Restaurant Review: Caffe Caldesi


I first went to Caffe Caldesi one morning last November to interview Katie Caldesi for my Top Ten Cookery Books Series and immediately loved this ‘little corner of Italy in the heart of Marylebone’, as the Caldesis describe their restaurant. This part of London is a vibrant hub of activity, full of lovely shops, restaurants and cafes and parking almost right outside the Caffe’s doors last night, I thought, What a great place this is to be, and Caffe Caldesi was a warm and welcoming sight that drew you into its doors.

The Caffe is divided into two parts: a restaurant upstairs with its own menu and a bar downstairs with a more informal bar menu – and this is the one Annie and I went for. You can’t book a table in the bar area for less than five people but I’d been told that I should have no problem getting a table for two at 7pm; that it was after 8 that it got really busy. And indeed, when I walked in, although there were quite a few tables taken there was plenty of room. The welcome was as warm and friendly as the glowing front of the Caffe promised and the waiter asked where I wanted to sit, but then suggested there was a very nice table towards the back. And it was an excellent table and I’m going to head straight back to it next time I go.


Katie and Giancarlo Caldesi opened the Caffe in 2002 to showcase Italy’s regional cooking and great wines. Nearby is La Cucina Caldesi, the only Italian cookery school in central London  where Katie and Giancarlo do much of the teaching themselves but also have well-known chefs like Valentina Harris and Sophie Grigson as visiting tutors. I recently went to their ‘country outpost’ – Caldesi in Campagna – and after the gorgeous meal there was definitely looking forward to my meal last night.

The Caffe’s menu reflects Giancarlo’s Tuscan roots and it tells you that he was brought up on a smallholding where his mother cooked meals using fresh seasonal ingredients in a way that maximised their flavour and retained the nutrients – Cucina Povera. This, to me, is the essence of Italian cooking and why I like it so much – that wonderful respect for the ingredients and often cooking things in a simple way but bringing out the best flavour.

My starter couldn’t have been simpler or fresher in that it was a salad – L’insalata Invernale (winter salad) – but it’s the skill of the chef combining ingredients and seasonings that turns ‘ordinary’ ingredients into something spectacular. The Pear, Apple and Endive Salad with Roasted Pine Nuts, Pecorino and Honey Dressing was wonderful. Annie said it looked very healthy and indeed, it probably was! But my choice had been guided not by thoughts of health (I invariably leave worries about being healthy behind when I enter the doors of a lovely restaurant – I’m there to enjoy myself), but because it sounded so good. It looked beautiful too, everything put together enticingly, and was as fresh as could be: crisp endive and ripe fruit, the lovely nutty roasted pine nuts, the slightly tangy Pecorino and the sweet warmth of the honey dressing. Annie meanwhile was tucking in to a magnificent Fritto Misto of deep-fried calamari, whitebait and courgettes. Laid out on a wooden platter it looked fabulous and when she let me try some, it tasted good too!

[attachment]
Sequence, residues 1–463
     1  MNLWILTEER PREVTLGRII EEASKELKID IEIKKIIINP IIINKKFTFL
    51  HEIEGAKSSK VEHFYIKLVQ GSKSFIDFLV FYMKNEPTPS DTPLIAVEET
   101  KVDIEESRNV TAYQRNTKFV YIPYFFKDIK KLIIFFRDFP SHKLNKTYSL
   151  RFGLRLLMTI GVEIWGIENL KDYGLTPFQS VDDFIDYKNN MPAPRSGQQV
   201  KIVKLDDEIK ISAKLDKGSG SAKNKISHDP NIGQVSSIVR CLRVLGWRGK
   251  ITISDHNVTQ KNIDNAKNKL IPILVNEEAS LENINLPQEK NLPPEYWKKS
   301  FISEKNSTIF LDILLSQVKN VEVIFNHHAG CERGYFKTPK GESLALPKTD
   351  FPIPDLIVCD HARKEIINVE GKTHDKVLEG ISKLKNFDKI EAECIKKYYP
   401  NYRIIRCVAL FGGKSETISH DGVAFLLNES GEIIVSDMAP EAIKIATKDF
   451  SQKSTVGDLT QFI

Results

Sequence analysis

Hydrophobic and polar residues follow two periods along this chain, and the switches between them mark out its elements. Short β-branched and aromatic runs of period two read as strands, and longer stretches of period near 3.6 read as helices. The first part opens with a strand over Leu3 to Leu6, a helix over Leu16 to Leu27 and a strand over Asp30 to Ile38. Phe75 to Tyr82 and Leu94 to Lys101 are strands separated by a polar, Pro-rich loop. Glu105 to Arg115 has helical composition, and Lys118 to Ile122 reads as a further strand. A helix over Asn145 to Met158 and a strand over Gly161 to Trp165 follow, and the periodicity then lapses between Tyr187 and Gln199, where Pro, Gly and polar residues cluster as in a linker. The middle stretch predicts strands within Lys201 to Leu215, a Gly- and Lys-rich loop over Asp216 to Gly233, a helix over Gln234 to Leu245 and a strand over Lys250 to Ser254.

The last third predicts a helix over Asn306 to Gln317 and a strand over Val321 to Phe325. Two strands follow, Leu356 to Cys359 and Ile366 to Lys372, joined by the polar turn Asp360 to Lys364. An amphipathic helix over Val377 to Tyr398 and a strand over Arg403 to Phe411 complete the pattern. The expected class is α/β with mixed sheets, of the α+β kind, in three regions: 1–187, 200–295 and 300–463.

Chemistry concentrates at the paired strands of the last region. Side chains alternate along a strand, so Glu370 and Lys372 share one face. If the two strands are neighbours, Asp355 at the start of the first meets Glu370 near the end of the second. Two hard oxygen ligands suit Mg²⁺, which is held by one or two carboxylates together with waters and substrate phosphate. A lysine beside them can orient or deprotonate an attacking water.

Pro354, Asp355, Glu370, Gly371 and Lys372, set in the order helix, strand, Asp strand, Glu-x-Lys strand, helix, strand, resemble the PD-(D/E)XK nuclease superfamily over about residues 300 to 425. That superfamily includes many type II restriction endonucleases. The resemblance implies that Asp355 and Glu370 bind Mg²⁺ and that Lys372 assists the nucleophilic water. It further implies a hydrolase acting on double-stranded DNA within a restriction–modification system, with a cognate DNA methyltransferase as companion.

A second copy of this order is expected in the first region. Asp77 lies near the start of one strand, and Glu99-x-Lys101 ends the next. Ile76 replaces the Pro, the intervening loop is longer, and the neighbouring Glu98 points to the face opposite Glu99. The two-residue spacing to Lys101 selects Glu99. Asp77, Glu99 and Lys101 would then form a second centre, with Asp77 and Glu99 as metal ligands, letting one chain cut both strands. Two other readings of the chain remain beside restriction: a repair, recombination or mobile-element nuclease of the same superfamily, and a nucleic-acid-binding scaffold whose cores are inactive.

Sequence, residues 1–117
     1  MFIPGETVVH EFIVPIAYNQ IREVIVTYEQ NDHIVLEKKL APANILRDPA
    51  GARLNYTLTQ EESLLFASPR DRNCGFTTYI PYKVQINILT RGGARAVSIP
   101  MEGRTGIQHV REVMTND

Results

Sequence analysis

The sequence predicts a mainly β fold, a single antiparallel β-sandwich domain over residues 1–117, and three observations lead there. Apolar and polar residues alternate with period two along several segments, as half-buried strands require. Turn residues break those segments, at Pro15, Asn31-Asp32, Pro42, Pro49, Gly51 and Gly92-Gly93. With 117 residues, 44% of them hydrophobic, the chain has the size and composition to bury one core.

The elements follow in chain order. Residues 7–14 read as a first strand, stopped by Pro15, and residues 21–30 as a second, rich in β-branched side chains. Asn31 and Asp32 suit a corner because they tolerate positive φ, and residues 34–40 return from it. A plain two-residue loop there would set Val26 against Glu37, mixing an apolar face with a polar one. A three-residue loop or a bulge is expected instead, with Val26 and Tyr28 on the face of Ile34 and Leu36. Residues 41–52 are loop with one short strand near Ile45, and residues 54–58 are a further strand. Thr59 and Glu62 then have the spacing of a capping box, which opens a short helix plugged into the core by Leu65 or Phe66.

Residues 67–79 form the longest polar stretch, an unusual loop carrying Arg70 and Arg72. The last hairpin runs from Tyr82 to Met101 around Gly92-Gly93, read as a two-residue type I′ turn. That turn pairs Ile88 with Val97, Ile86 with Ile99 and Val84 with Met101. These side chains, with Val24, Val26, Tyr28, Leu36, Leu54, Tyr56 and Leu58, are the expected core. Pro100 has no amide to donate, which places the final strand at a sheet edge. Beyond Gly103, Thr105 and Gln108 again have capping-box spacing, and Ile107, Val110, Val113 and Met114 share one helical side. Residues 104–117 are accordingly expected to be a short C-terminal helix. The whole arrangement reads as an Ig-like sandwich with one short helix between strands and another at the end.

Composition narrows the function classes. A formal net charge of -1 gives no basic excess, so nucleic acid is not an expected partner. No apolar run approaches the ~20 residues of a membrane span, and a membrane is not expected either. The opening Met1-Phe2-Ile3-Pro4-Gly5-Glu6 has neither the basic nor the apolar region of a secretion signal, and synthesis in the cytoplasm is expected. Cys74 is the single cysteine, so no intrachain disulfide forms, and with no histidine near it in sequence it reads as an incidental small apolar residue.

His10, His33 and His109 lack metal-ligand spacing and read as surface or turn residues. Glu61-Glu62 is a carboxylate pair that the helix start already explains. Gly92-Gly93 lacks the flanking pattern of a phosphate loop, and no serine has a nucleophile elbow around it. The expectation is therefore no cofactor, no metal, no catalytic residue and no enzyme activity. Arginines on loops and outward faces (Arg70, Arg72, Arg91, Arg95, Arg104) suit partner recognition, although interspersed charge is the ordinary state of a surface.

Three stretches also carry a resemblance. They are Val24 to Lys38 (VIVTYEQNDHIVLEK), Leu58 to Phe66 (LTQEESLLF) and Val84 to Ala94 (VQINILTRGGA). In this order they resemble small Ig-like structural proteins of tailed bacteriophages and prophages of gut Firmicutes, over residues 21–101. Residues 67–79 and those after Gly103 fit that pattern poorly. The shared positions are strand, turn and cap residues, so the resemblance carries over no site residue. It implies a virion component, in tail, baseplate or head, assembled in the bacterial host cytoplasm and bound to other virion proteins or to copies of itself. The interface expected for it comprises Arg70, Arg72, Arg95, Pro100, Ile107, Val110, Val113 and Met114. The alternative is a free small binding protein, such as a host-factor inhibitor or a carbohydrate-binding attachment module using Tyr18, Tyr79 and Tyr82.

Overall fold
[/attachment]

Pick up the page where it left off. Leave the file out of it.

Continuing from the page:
We both opted for pasta as main courses, although there were some good-sounding mains like Beef Stew with Black Peppercorns, Tomato Sauce and Soft Polenta; cod with a lentil stew, a Tagliata Caldesi and a Milanese style veal chop. I opted for I Rigatoni al Ragu – rigatoni pasta with a Tuscan pork and beef ragu, which was deeply rich and cooked down to that perfect consistency that wraps itself round the pasta. Annie had Le Penne alla Norma – penne pasta with crispy aubergine, tomato sauce and grated salted ricotta. She said the aubergine wasn’t actually crispy but tasted very good, as did the whole dish.



It wasn’t so many days ago I was saying – hopefully not too piously! – that I rarely ate puddings these days. But I’m obviously spending too much time hanging out in lovely restaurants where I can’t resist them. But how could one resist trying a Warm Chocolate Mousse with Butter Biscuits? Tell me – could you? I’m very glad I didn’t. It was wonderful. A perfect-sized portion served in a little espresso cup with fingers of crisp, buttery little biscuits. The consistency somewhere between a mousse and a rich chocolate pot but all warm and lovely.


And the bill for all this, including two glasses of excellent Col di Sasso Banfi Sangiovese/Cabernet Sauvignon, one coffee and one mint tea, including service, was £65.31. Caffe Caldesi is the kind of place I love best and serves the food I love best – so I’m heading back again soon.


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A lifelong lover of good food and travel; writer and book editor

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